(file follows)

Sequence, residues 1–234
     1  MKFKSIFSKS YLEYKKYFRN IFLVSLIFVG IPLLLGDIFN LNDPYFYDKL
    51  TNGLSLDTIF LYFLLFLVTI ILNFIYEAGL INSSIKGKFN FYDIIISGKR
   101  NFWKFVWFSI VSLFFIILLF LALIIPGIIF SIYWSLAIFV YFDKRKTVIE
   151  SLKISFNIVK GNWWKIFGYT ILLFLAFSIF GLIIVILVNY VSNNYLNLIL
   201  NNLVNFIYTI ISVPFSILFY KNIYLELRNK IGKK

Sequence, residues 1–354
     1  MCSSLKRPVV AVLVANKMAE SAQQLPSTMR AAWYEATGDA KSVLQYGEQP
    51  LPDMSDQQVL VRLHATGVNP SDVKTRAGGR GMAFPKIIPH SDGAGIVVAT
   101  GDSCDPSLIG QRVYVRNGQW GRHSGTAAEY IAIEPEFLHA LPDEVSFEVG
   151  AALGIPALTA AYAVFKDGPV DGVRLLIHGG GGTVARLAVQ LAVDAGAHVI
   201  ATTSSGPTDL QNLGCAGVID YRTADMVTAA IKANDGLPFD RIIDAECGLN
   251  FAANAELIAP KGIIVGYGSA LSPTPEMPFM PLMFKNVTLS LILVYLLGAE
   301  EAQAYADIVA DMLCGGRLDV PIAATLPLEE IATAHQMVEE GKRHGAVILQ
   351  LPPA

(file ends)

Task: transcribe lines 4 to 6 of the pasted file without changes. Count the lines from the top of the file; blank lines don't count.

   101  NFWKFVWFSI VSLFFIILLF LALIIPGIIF SIYWSLAIFV YFDKRKTVIE
   151  SLKISFNIVK GNWWKIFGYT ILLFLAFSIF GLIIVILVNY VSNNYLNLIL
   201  NNLVNFIYTI ISVPFSILFY KNIYLELRNK IGKK